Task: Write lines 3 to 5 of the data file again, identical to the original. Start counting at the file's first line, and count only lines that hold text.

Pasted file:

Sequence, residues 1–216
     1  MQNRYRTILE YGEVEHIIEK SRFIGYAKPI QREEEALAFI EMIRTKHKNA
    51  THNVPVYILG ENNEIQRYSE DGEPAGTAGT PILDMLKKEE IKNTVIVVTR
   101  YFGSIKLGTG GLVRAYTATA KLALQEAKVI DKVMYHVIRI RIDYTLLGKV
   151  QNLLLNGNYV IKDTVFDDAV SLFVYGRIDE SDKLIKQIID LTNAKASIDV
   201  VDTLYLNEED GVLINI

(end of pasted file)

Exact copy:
    51  THNVPVYILG ENNEIQRYSE DGEPAGTAGT PILDMLKKEE IKNTVIVVTR
   101  YFGSIKLGTG GLVRAYTATA KLALQEAKVI DKVMYHVIRI RIDYTLLGKV
   151  QNLLLNGNYV IKDTVFDDAV SLFVYGRIDE SDKLIKQIID LTNAKASIDV